By Michelle Manchir, Chicago Tribune
CHICAGO — Gay couples in Cook County won’t have to wait until June to marry, under a ruling Friday by a federal judge in Chicago that scraps the delayed effective date of Illinois’ same sex marriage law.
“There is no reason to delay further when no opposition has been presented to this Court and committed gay and lesbian couples have already suffered from the denial of their fundamental right to marry,” U.S. District Judge Sharon Johnson Coleman stated.
Her ruling noted that Cook County Clerk David Orr filed a brief in support of the lawsuit, which argued that couples should not have to wait until the Illinois law went into effect on June 1.
Orr released a statement after the ruling saying he will begin issuing same-sex marriage licenses “immediately.”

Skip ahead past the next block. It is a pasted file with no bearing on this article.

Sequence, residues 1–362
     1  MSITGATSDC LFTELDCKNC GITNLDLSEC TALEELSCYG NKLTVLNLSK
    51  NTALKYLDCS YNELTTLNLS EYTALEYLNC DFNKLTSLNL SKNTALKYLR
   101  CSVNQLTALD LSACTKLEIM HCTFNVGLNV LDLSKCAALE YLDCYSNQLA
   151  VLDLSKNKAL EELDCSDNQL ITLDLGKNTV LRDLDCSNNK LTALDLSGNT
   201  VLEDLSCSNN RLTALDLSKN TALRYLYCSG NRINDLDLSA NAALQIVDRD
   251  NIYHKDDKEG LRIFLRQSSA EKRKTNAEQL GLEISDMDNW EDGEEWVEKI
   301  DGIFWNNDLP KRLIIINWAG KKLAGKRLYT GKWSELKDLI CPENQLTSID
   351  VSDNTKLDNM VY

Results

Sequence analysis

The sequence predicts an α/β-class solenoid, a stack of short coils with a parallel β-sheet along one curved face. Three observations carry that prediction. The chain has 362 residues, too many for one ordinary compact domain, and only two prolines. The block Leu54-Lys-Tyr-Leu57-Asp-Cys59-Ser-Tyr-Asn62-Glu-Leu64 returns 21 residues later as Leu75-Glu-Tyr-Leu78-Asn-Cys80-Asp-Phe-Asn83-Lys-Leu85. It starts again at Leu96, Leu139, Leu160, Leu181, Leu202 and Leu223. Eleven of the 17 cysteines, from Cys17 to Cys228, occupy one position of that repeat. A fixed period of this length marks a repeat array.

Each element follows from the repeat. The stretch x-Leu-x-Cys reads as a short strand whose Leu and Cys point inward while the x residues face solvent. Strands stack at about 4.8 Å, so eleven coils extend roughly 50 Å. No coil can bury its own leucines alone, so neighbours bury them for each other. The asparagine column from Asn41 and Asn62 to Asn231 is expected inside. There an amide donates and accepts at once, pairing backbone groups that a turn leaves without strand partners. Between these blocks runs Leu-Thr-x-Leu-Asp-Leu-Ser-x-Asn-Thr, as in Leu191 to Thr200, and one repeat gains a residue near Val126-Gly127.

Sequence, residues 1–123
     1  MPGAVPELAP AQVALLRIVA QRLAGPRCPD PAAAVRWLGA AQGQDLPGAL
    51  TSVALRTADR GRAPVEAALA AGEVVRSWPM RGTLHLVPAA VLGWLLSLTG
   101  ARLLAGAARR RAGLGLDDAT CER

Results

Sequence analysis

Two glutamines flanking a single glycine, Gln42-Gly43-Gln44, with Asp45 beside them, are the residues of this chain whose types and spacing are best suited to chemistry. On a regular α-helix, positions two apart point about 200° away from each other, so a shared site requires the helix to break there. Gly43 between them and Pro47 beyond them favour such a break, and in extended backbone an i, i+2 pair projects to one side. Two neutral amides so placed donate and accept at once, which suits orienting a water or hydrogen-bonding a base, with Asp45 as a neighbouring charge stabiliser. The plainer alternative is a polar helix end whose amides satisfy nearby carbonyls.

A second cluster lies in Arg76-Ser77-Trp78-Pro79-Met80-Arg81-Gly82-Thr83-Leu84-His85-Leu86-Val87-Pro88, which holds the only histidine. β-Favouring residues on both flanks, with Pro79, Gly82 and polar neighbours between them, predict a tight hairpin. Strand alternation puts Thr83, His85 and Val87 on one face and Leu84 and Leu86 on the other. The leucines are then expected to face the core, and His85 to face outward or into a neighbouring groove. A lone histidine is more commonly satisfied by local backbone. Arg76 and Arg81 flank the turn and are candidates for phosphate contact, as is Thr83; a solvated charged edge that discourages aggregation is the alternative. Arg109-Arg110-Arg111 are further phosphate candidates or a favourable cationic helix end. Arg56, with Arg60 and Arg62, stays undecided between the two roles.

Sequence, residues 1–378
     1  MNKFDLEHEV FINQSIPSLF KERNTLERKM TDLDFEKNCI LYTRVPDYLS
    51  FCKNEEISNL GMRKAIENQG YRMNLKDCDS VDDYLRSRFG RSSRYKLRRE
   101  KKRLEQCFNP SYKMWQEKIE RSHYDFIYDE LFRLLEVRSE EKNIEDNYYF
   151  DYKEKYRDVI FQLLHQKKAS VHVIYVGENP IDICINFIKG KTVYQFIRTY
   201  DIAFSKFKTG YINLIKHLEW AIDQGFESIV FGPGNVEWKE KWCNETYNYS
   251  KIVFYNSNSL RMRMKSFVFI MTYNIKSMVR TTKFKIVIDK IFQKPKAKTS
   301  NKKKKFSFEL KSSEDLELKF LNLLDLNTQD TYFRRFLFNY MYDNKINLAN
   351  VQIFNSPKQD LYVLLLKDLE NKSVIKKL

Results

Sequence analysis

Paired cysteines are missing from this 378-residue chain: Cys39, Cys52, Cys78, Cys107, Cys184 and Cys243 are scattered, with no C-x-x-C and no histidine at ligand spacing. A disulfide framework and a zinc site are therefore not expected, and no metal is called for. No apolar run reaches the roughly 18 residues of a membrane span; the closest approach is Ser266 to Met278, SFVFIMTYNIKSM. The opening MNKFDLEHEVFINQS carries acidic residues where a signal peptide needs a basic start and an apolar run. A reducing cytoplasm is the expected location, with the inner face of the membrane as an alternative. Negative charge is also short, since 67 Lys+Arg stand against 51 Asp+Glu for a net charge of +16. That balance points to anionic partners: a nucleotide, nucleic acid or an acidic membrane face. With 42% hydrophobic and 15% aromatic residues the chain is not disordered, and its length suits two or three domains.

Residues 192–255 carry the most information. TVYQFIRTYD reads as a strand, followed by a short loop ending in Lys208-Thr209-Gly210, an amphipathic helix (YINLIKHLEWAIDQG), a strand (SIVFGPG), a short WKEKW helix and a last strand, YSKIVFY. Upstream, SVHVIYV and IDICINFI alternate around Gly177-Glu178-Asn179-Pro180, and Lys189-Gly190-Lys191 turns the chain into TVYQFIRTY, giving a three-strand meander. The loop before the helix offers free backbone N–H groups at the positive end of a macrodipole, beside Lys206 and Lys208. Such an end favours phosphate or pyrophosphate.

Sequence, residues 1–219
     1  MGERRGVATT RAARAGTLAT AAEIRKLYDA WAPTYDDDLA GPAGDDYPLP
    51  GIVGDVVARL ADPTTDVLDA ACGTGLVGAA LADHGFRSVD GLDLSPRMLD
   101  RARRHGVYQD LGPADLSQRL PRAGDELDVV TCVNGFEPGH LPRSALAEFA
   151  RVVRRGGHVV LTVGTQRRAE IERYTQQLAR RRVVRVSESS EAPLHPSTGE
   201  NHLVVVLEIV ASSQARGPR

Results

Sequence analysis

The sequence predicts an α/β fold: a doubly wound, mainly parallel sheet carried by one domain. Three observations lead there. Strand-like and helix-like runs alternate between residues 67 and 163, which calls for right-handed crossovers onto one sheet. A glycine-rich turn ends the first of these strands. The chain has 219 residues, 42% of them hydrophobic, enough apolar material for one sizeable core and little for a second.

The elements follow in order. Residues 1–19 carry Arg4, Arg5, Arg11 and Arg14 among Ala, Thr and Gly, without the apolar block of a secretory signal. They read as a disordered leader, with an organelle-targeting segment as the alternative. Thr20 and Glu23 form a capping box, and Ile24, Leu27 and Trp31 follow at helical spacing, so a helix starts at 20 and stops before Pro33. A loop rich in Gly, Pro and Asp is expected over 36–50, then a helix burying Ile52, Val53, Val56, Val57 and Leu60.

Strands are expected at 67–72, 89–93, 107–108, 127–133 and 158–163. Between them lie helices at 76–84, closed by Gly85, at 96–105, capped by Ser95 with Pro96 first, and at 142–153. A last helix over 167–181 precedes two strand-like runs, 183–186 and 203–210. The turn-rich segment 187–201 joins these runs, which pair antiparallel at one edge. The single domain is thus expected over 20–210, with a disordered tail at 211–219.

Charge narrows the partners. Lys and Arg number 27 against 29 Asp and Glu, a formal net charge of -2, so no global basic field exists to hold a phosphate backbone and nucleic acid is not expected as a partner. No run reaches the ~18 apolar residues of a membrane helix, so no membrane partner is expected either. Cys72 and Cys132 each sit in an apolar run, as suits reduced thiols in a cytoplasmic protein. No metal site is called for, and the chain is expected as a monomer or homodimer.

“I’m thrilled same-sex couples who want to get married won’t have to wait any longer” Orr said. “We are very excited to celebrate this historic milestone with every loving couple from today onward.”
Orr said he will keep the downtown Bureau of Vital Records, in the lower level of the Daley Center, open an extra two hours Friday night — until 7 p.m. — to accommodate any couples who want to get a license after work.
Only the downtown office will issue same-sex marriage licenses on Friday. All offices will begin issuing licenses on Monday, he said.
Marriage licenses are valid for 60 days. “Don’t rush to get your license if you have a summer wedding planned because you don’t want the license to expire before your big day,” Orr said.
The $60 license fee will be waived for any couple who already has an Illinois civil union license. Couples who wish to convert their prior civil union date to a marriage will have to wait until June 1 because it was not addressed in Coleman’s order, Orr said.